All four children of Dan and Rhonda Holub, of rural Marion, are serving overseas in the military.
Chris served two tours in Iraq with the Marines as a mechanic for Harrier jets. Now he works in Japan as a weapons adviser for both Harrier and F-18 jets for the Marines
Heather was a veterinary techinician for the Army in Iraq but earned her commission. She still works in Iraq as a platoon leader with a mobile medical unit.
Tamra is stationed out of Kuwait and is a platoon leader for a transportation unit doing missions into Iraq. She was formerly a gunner.
Molly is part of the military police and does a variety of different jobs. She has escorted convoys, but she is also a handler for a search dog that search for bombs and weapons. She is stationed near the Syrian border, searching people as they cross into Iraq.
All four children enlisted over a sense of obligation and duty for their country. Heather and Tamra also wanted to get some help on their education.
Having four children in the military is tough on a father, even one who served himself. Dan fears early-morning phone calls because he believes that the military delivers its bad news at odd hours. He’s even more wary since Molly was wounded in Iraq.
“If the phone rings at 6 o’clock in the morning,” Dan said. “I have moments of panic.”
Two years ago, Molly was part of an escort mission in Iraq when an improvised explosive device was set off and hit her patrol’s Humvee. A piece of shrapnel rocketed through a lens of her sunglasses, blinding her in one eye.
She then spent time at Walter Reed Army Medical Center in Washington D.C.
Molly never thought twice about going back to Iraq with the military police. She rejoined her comrades in March.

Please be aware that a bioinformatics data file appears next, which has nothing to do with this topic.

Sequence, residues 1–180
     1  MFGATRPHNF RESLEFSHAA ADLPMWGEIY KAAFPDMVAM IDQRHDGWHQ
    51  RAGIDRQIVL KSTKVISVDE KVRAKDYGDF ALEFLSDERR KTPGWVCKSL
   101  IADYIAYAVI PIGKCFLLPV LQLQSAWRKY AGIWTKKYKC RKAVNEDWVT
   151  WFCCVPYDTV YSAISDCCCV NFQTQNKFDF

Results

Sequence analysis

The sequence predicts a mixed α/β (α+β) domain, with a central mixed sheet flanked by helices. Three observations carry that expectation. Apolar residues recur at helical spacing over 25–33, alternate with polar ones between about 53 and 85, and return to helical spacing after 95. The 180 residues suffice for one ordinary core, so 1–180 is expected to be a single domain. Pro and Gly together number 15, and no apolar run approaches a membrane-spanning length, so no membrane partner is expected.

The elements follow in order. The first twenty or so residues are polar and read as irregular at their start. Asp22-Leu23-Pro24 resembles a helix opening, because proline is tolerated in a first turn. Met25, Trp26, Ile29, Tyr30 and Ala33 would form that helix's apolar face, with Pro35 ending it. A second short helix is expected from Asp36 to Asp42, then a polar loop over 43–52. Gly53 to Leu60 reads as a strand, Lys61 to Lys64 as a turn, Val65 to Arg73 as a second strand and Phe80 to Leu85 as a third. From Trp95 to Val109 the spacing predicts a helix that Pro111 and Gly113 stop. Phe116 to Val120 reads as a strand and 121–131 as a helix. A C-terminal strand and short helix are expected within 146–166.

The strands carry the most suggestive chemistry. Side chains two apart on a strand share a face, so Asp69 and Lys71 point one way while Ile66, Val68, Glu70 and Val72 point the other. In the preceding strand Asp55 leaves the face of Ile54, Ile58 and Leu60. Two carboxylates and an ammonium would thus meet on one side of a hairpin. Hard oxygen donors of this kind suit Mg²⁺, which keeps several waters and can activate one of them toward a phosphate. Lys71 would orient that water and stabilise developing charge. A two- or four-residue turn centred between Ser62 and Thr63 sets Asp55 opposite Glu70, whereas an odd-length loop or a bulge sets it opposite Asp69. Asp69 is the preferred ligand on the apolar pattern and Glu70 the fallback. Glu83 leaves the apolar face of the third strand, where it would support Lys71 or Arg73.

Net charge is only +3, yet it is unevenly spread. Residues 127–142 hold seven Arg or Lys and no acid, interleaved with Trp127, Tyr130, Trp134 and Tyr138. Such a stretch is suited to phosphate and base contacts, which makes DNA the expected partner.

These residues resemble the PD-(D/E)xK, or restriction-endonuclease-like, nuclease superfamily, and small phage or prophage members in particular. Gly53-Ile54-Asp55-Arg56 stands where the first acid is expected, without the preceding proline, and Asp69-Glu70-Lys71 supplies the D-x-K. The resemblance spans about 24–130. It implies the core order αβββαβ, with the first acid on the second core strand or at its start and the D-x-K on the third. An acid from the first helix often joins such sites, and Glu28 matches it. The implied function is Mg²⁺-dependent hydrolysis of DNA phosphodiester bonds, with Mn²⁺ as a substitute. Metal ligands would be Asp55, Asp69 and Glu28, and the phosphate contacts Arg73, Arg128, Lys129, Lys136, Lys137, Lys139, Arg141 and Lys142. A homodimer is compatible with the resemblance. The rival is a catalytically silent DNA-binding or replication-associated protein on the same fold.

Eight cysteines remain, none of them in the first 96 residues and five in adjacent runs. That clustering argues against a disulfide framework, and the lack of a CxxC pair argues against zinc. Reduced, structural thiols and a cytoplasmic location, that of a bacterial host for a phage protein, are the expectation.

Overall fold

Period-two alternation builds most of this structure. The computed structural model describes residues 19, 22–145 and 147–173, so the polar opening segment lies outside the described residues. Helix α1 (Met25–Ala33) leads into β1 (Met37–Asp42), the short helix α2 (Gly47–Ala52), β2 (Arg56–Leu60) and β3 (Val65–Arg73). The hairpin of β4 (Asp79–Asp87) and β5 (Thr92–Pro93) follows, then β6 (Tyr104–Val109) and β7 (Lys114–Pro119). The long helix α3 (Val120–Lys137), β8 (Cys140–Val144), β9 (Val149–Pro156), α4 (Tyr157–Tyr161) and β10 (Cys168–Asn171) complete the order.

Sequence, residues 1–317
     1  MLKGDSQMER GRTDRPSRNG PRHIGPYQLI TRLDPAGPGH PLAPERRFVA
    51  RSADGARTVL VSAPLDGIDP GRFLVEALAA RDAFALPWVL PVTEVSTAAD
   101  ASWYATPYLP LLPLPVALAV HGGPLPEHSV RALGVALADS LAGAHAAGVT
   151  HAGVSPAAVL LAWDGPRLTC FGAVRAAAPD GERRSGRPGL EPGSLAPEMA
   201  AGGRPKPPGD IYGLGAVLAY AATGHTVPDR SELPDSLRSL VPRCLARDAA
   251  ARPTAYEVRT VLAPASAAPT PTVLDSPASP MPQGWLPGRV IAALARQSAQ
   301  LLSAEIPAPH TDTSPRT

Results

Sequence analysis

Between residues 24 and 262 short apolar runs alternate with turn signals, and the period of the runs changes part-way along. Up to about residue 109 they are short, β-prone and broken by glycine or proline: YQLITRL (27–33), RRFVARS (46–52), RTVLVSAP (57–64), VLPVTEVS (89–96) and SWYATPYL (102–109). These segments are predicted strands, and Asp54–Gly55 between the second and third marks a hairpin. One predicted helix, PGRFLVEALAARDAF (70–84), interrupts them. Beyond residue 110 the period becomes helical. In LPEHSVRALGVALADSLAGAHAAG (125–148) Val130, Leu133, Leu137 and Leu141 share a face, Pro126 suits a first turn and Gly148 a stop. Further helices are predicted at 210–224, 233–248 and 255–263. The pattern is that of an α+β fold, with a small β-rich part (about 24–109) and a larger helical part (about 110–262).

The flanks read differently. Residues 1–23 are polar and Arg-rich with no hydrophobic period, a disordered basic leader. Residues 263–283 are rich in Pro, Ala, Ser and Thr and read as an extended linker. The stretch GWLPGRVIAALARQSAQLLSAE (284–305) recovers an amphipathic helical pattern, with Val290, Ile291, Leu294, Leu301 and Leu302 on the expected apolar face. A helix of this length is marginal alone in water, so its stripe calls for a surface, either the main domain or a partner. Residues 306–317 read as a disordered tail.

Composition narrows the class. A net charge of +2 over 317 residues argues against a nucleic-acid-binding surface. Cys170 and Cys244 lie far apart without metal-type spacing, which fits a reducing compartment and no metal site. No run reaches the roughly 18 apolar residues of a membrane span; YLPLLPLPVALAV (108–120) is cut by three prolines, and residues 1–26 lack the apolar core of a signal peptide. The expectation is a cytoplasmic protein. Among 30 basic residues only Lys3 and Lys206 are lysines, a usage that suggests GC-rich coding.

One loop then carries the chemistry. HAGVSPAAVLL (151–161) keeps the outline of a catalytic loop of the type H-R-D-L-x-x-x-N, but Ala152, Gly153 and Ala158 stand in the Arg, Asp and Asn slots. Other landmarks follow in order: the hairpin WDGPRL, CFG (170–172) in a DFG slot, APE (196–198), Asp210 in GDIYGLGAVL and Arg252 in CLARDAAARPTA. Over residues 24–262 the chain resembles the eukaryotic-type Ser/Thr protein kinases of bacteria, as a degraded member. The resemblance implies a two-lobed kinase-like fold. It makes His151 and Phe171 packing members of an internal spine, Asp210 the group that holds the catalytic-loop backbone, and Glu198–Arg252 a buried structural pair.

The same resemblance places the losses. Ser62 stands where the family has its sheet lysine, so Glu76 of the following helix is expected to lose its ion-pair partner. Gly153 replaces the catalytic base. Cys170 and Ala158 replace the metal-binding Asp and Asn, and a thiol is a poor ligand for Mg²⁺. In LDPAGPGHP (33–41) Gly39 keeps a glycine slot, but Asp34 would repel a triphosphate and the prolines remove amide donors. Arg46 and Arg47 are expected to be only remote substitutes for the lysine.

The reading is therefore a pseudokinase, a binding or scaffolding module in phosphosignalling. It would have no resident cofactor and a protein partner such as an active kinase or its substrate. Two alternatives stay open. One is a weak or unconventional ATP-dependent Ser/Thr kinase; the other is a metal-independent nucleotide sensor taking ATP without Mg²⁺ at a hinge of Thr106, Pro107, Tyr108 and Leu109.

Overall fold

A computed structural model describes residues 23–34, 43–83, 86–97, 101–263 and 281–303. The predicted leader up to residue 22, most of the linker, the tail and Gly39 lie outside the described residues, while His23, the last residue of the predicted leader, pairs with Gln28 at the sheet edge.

“She had to prove something to herself,” Dan said. “Chris joked that she was going back to find the guy who did it.”
While Dan still fears for his children, he understands the communal nature of the military.
Dan served 20 years in the U.S. Navy from 1968 to 1988. He was the oldest of six sons who entered the military. As a matter of course, he receives no sympathy from his mother.
“All the stuff that you put me through,” she said. “Don’t come crying to me.”
Dan worked on aircraft carriers during Vietnam, loading weapons into jets, and continued to work on airborne weapons systems throughout various conflicts during his tenure. He has spent time in the Middle East — Karachi, Pakistan, and the Persian Gulf — and Asia — Thailand, the Philippines, China, Guam, and Eastern Russian coast.
The other part of the military commitment for the Holubs is the belief that they are doing something truly honorable.
Dan said that he was always welcomed when he came into any port. He also remembers parents in Vietnam loading their children onto American helicopters during the evacuation of Saigon so those children wouldn’t have to grow up under communism.
“(It was) The saddest thing I ever saw,” Dan said.
According to Dan, the Iraqi people, for the most part, have treated Chris, Heather, Tamra, and Molly as heroes. Children love them and gather as the soldiers would toss them candy.
There was one instance where Molly and a group soldiers were invited to an Iraqi barbecue. The women who were preparing the meal were excited to have another female in their midst and persuaded Molly to join them in the kitchen.
The Holub children have also told Dan that they have seen the graves that Saddam Hussein filled in his mass executions of innocent Kurds. It reminded them of why they were there.
None of that changes the fact that Dan still worries about all of his children overseas. He said that he tries to communicate with each of them two to three times a week through e-mail and sometimes on the phone.
“It used to be ‘snail mail’; everything was OK two weeks ago,” Dan said. “Now you know that they are safe that day, and that’s really nice.”